Debunking The Common Myths About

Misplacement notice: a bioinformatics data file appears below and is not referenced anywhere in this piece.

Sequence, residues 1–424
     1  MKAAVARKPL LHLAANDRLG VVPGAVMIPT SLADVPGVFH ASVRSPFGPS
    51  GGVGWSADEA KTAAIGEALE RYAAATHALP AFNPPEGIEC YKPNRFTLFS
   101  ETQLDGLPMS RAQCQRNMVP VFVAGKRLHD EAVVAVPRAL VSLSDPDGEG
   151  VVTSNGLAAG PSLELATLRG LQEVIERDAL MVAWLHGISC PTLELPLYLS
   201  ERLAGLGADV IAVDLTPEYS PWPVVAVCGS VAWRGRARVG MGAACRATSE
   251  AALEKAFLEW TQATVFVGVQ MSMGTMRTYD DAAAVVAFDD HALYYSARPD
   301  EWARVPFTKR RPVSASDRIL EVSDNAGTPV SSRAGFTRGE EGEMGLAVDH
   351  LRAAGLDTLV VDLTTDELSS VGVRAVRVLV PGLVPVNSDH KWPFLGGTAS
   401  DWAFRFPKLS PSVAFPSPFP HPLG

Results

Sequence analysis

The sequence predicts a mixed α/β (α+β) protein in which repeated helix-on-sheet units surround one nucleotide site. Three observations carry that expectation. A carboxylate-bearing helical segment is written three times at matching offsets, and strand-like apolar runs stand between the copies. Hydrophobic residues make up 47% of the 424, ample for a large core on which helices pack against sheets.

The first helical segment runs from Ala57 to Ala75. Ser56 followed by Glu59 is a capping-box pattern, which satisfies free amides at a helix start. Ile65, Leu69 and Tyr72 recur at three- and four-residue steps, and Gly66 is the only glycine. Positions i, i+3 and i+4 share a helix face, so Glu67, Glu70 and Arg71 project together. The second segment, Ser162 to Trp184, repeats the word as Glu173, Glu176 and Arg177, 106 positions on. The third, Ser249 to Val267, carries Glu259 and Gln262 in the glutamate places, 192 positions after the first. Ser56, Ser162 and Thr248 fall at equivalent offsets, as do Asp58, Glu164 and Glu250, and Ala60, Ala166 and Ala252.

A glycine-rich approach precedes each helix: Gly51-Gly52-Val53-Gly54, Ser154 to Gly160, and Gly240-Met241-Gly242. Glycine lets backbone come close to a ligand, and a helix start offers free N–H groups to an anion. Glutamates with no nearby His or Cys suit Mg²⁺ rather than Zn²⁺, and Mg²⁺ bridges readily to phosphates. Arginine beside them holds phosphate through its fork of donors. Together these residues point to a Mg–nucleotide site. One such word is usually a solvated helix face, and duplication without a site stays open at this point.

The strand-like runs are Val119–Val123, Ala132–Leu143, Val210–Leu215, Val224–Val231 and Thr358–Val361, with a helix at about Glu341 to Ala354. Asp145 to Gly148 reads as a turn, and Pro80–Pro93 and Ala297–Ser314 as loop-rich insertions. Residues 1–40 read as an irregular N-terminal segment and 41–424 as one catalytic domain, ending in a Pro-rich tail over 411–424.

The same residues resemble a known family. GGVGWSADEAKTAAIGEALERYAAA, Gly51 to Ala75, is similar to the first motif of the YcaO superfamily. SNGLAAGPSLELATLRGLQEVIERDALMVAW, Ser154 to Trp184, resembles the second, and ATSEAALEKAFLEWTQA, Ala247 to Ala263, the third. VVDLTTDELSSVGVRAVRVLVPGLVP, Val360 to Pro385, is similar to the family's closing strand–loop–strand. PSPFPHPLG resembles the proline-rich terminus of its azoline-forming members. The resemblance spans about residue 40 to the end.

UnCategorized There surely are a bunch of myths floating around about warts, aren’t there? For starters, some people actually believe that you can get warts from touching a frog! (This is, by the way, completely untrue. The bumps on a toad’s skin are actually glands, not warts.) Besides the myths that are basically fairy tales, there are plenty of myths floating around that people actually believe. For example, surely you have heard that a little bit of duct tape will cure an unwanted wart, right? To help you understand what is truth and what is fiction when it comes to warts, here are some of the biggest and most common myths about warts, debunked. MYTH: All warts are the same, because all of them are the result of the human papilloma virus (HPV). TRUTH: While all warts do stem from the human papilloma virus, not all HPV outbreaks are created equally. There are over one hundred different kinds of HPV; thus, the plantar warts on the bottom of your feet are quite different from sexually transmitted warts. MYTH: Potatoes, duct tape, nail polish, and garlic are all efficient treatments for warts. TRUTH: These folksy wart remedies have been floating around for years. Sure, some people may attest to success from remedies like nail polish or duct tape. However, there is no clinical evidence to support that these methods of treatment are effective. The rumor surrounding duct tape as a wart remedy is that the duct tape works by "suffocating" the wart, but there is no scientific logic that would back that theory up. MYTH: A wart can be cut out at home. You don’t need to go to a doctor. TRUTH: Attempting to cut a wart yourself can result in infection and scarring. Never, ever try to perform any sort of medical procedure such as this one on your own. Instead, go to a doctor for this sort of procedure. The truth of the matter is that while some doctors will physically cut away the wart, the vast majority use either laser treatments or liquid nitrogen treatments to eradicate warts. The liquid nitrogen treatments (also referred to as "freezing") are usually the first method used when treating a patient’s warts. The procedure is a simple and brief one, and is usually performed by a nurse practioner in less than fifteen minutes. While some patients report minor pain, most find the procedure effective after two or three treatments. About the Author: 相关的主题文章: